THE CRAP SOUND OF VINYL

There’s a lot wrong with the world just now, so this grumble somehow feels very insignificant in the grand scheme of things, but still……

It’s now seven months since I retired from full-time employment, and with COVID playing havoc with my plans to see the world, I’ve instead stayed at home and devoted time and money to music, all of which has led me to painfully admit my anorak tendencies do actually extend to me being described, accurately, with an awful word.

Collector.

I’ll admit to it if, for no other reason that a chunk of my redundancy payment has been utilised to go out and find vinyl copies of some of my most cherished CDs.  It’s not that I’ve gone really daft as there are some prices I simply won’t pay – the two Paul Quinn & The Independent Group albums being prime examples – but I have been tempted by a few sellers on Discogs to pay decent sums of money for original pressings of albums such as Seamonsters by The Wedding Present, which I only highlight as at £40, it’s the most I’ve ever spent on a second-hand album unseen, trusting the description of the seller – and it proved to be well worth it as it was in Near Mint condition and the sound was way superior to the CD that I’ve had for nearly 30 years.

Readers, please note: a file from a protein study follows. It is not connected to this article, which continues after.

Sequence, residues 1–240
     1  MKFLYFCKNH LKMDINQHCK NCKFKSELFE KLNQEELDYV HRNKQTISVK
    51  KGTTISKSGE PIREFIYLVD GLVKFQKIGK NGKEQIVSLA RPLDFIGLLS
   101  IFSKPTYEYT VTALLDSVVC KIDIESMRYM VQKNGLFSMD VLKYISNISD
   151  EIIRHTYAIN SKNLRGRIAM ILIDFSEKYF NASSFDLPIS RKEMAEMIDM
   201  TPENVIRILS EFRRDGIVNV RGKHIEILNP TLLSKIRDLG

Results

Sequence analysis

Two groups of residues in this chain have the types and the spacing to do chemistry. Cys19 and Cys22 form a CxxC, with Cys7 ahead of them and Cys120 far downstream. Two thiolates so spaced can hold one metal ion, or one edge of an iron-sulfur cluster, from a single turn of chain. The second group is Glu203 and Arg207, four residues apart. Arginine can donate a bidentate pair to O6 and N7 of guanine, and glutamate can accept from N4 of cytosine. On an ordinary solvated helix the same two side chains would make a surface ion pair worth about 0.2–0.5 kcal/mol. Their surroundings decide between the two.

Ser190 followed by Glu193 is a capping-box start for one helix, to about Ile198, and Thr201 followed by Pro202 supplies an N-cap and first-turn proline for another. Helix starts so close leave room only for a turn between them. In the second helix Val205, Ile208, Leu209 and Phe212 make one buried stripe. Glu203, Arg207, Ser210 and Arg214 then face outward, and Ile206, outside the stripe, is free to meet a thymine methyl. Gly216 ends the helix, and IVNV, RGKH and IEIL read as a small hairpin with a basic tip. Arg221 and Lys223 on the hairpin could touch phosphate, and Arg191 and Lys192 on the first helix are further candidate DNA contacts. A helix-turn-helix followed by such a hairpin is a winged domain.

Talking of TWP – and this where I will finally get to the point highlighted in the title of today’s posting – I’ve long wanted a copy of Bizarro on vinyl, but there’s never really been a copy on-line that fully caught my attention in terms of asking price and condition.  Instead, I ended up picking up a brand-new re-press that was issued for National Album Day on 20 October 2020 at a cost of £20.  It was like the old days as I returned back home from the record shop, the heart beating that little bit quicker and the anticipation levels increasing with every step.  One of my all-time favourite albums…..on vinyl….at last.

It came, like so many others nowadays, shrinkwrapped, which meant that it was only when I took the vinyl out of the inner sleeve did I discover it was a fairly light piece of plastic.  I knew beforehand it wasn’t a heavy 180-gram press but it was still a surprise to find myself holding something so flimsy.